FCA writes to CEOs on BI judgment

FCA has written to the CEOs of insurers following publication of the High Court judgment on the BI test case. It expresses its gratitude to the insurers that were parties to the case and to all those who have co-operated. The letter sets out FCA’s next steps and expectations on insurers and managing agents now.  Key points in the letter are:

  • there may now be situations where insurers feel the judgment gives enough clarity for them to conclude claims processes. Where this is the case, they should do so as quickly as possible. Equally, there will be situations where insurers will feel they need to wait to see whether a particular point will be appealed.  Whatever the case, insurers should be clear in their communications to policyholders on what they plan to do;
  • FCA will shortly update on timing of the consequentials hearing at which the Court will consider any applications to appeal;
  • FCA sticks to its point made in April that claims should be (re)assessed and settled quickly, which includes making interim payments were appropriate – with the aim of avoiding the situation where slow payments exacerbate financial pressures;
  • FCA calls for a “pragmatic, transparent and consistent” approach to interactions with policyholders over any remaining evidence, and it will not be pleased to see insurers putting up additional barriers or delays to paying valid claims. FCA plans to publish additional information to help with the process of providing and assessing appropriate evidence on proximity and prevalence;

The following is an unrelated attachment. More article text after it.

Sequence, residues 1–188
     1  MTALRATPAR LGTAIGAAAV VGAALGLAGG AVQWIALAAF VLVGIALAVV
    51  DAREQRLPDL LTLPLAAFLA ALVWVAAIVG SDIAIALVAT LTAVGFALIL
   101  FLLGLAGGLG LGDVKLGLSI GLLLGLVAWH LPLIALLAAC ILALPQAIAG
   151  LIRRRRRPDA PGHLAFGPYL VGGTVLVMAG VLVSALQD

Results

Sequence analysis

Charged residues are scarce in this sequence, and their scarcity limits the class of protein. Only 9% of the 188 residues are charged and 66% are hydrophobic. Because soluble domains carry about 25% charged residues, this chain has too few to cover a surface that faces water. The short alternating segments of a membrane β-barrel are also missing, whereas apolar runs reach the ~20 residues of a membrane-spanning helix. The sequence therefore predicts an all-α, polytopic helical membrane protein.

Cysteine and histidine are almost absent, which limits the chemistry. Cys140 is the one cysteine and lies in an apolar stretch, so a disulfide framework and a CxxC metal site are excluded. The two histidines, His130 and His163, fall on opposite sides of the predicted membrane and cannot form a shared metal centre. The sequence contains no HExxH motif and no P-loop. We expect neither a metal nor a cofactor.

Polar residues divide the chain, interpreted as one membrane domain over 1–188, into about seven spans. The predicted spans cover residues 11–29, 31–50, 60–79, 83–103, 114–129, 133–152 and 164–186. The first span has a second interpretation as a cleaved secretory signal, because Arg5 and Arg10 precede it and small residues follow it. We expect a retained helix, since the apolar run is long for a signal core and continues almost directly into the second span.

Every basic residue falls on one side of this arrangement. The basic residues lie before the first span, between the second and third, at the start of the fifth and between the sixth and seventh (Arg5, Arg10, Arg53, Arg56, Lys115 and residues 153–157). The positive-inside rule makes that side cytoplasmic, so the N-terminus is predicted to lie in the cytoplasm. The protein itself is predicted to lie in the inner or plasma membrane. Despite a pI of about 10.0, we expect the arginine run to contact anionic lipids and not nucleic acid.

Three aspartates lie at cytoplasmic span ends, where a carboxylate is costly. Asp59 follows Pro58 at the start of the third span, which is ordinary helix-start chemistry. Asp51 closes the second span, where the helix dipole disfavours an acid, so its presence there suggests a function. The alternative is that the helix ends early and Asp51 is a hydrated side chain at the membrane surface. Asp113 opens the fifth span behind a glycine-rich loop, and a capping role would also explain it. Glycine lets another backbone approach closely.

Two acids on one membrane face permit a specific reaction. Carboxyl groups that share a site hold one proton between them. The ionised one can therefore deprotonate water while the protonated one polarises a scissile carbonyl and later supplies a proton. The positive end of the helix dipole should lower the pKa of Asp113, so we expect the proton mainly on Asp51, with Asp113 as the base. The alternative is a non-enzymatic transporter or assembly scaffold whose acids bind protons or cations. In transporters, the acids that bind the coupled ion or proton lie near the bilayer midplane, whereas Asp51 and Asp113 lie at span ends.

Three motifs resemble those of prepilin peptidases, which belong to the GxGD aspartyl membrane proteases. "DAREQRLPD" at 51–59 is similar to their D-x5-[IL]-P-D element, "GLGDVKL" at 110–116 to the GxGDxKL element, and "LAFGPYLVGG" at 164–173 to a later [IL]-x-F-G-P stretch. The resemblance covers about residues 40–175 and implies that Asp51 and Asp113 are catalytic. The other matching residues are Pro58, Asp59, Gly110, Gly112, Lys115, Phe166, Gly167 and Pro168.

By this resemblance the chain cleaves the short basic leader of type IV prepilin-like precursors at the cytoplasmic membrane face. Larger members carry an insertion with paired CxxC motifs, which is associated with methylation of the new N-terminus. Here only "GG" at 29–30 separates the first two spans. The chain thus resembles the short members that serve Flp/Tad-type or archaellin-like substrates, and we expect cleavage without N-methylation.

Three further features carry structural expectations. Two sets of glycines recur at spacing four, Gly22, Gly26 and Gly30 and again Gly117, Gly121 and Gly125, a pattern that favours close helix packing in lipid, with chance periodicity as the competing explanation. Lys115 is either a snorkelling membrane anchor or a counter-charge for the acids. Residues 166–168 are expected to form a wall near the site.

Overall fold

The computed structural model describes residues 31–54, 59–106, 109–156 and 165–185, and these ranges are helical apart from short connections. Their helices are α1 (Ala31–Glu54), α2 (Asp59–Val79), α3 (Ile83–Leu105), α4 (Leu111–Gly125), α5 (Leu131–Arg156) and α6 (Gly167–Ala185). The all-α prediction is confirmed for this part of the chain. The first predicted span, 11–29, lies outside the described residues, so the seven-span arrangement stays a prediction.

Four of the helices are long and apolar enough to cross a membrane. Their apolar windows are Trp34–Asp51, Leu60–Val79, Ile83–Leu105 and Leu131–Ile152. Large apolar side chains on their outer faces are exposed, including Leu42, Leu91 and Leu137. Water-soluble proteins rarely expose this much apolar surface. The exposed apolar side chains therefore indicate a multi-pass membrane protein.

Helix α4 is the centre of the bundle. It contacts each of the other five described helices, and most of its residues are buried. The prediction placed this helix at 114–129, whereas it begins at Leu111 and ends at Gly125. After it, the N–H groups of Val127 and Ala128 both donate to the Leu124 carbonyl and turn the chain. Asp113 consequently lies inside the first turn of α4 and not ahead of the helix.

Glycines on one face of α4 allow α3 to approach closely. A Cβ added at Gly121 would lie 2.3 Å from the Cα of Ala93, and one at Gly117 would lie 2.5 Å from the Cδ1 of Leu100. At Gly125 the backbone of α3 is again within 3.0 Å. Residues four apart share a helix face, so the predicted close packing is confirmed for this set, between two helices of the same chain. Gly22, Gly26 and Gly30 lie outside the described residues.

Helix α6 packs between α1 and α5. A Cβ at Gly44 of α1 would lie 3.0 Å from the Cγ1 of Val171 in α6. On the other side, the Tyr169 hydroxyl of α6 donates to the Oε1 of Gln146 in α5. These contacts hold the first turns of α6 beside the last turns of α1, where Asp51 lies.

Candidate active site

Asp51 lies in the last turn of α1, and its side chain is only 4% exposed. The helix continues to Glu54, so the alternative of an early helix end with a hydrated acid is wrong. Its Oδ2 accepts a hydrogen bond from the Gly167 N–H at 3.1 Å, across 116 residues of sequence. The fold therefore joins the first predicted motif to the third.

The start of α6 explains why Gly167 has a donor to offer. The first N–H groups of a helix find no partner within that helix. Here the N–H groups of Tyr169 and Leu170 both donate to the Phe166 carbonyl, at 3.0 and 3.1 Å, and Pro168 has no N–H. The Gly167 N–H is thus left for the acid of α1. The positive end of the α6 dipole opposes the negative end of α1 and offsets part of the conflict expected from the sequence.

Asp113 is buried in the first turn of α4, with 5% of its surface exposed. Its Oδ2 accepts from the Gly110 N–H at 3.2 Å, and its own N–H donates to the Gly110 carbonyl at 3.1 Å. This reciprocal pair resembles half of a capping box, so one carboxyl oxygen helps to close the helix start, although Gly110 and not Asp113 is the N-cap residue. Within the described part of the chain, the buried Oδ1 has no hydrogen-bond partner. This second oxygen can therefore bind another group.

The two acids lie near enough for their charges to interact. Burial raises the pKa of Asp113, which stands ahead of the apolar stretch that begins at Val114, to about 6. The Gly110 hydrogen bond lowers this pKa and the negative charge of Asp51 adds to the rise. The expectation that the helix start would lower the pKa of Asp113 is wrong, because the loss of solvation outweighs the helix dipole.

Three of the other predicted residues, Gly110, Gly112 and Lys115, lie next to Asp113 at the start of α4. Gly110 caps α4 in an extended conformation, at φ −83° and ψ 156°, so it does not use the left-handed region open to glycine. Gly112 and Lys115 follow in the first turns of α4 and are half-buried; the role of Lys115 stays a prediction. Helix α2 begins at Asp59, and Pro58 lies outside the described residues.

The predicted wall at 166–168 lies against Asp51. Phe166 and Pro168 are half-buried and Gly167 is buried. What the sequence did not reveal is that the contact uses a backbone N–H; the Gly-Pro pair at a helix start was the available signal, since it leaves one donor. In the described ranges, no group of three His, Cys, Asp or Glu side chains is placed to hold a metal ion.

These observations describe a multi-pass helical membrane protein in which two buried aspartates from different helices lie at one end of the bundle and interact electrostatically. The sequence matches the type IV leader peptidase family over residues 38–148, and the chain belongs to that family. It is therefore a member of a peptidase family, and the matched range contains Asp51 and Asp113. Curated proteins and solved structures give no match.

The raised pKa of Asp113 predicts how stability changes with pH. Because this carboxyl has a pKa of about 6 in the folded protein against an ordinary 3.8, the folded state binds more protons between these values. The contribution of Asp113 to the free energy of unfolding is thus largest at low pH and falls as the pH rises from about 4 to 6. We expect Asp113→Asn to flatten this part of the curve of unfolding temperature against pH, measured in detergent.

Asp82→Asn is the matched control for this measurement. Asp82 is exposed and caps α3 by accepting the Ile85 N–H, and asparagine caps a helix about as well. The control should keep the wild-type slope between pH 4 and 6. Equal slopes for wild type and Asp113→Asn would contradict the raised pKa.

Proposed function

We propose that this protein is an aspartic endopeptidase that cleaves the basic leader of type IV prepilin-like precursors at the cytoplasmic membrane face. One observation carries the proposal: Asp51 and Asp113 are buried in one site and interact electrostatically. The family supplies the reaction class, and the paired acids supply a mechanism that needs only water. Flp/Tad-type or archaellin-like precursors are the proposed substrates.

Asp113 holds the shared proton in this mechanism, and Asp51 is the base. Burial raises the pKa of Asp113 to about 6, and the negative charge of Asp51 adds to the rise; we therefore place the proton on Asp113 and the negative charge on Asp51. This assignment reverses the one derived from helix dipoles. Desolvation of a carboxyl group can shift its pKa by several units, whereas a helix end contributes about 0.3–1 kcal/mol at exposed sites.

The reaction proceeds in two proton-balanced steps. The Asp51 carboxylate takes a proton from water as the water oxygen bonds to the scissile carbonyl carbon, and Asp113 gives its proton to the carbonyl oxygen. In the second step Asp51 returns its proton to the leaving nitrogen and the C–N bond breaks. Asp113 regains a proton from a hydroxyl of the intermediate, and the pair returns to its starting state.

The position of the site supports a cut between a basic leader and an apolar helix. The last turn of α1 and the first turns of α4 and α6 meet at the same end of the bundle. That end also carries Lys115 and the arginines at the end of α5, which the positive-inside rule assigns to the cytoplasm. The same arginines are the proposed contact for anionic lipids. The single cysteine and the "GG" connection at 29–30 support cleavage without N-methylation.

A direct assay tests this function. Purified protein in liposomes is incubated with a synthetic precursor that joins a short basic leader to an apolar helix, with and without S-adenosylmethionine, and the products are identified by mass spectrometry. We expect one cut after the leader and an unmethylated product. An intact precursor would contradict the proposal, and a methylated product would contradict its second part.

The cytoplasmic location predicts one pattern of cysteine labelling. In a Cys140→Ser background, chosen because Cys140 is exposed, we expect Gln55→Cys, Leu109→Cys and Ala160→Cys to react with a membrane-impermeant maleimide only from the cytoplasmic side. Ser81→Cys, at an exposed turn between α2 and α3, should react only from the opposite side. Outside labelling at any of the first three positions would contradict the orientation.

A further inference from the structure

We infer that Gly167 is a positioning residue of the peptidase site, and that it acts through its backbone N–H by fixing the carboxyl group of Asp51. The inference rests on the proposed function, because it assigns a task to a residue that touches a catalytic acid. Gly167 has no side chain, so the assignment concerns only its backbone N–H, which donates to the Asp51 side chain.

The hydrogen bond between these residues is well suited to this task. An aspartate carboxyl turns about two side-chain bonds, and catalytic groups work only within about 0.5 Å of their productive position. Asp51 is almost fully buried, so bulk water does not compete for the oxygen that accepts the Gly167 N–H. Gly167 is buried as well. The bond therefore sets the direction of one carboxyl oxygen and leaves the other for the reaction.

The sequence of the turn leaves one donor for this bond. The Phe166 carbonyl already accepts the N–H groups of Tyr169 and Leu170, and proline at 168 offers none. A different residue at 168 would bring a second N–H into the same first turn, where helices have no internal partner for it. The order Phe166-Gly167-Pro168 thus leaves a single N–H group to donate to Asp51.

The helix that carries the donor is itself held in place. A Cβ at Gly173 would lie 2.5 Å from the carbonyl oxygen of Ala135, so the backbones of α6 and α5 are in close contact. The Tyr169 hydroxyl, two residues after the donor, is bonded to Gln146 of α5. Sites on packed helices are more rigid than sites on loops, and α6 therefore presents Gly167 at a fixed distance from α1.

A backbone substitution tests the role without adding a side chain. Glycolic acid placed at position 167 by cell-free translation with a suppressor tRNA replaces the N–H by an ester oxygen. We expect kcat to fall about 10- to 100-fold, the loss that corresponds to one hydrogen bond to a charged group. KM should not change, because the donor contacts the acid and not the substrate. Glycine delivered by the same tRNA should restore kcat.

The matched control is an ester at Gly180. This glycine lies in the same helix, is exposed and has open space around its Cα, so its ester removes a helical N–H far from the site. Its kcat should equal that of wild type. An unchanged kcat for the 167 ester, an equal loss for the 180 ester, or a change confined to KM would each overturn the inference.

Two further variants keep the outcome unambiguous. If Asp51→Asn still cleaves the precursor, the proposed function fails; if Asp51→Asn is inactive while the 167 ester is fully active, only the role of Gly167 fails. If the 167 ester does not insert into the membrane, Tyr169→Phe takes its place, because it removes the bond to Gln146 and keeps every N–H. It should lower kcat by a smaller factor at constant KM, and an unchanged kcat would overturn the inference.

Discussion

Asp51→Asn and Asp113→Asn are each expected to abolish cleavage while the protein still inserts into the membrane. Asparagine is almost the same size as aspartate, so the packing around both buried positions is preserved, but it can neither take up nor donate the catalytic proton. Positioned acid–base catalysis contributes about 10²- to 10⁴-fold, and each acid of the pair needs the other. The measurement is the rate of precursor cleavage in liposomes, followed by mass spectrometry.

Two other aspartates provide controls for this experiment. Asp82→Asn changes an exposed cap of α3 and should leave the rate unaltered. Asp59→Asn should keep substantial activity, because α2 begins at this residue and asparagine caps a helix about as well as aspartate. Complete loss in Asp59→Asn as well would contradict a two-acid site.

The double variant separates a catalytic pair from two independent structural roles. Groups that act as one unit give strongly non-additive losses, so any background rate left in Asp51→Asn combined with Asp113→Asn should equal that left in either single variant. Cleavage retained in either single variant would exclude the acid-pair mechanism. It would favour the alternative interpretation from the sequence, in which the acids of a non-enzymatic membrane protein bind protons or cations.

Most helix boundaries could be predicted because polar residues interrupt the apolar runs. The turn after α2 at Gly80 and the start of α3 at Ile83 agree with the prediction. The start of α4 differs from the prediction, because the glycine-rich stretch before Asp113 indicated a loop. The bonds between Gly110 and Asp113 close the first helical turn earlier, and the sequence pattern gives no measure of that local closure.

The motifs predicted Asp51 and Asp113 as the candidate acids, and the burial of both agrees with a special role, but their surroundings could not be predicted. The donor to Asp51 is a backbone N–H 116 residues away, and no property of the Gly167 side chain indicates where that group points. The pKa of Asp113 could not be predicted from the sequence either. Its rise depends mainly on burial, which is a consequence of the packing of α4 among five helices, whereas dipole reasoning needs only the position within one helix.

• irrespective of possible appeals, insurers should be considering what they can do to progress the type of claim the judgment says should be paid, including all reasonable steps to ensure the claims can be paid and settled as soon as possible after any relevant appeals;
  • insurers should be analysing the scope of any appeal and the implications on their relevant non-damage BI policy wordings where they have previously determined, under FCA guidance, that the test case may affect the outcome of claims generally. If the wordings were affected by the test case but the relevant questions are not subject to appeal, then they should be reassessing all potentially affected claims or complaints in line with FCA Guidance and FOS expectations, unless they have already settled on a full and final settlement basis.  If the questions are the subject of an appeal, then, again, FCA expects the cases that the judgment says should be paid, so they get to the stage where they can be as progressed as possible when any appeal judgment is handed down;
  • FCA noted to insurers in August the relevance of taking into account any Government support businesses may have had and noting that the treatment of support as income for tax purposes may will differ from how it should be assessed under a BI policy. FCA clearly states that the Government’s treatment of the Small Business, Retail, Hospitality and Leisure or Local Authority Discretionary grants for tax purposes is not a proper basis for insurers treating the payments as turnover under the policies, not a reason for applying them as savings against fixed business expenses. FCA expects firms to consider the treatment of support explicitly and at Board level and will follow up with individual insurers on this;
  • firms should communicate clearly with policyholders who have made claims or complaints that are potentially affected by the judgment as soon as possible, and at the very latest should provide an initial update on the implications of the judgment by 22 September. This information should be as clear as it can be at the current time; and
  • firms now have to update the information they previously provided to FCA.

The letter ends with a warning that FCA will use its full range of powers against firms that do not meet these expectations.

Emma Radmore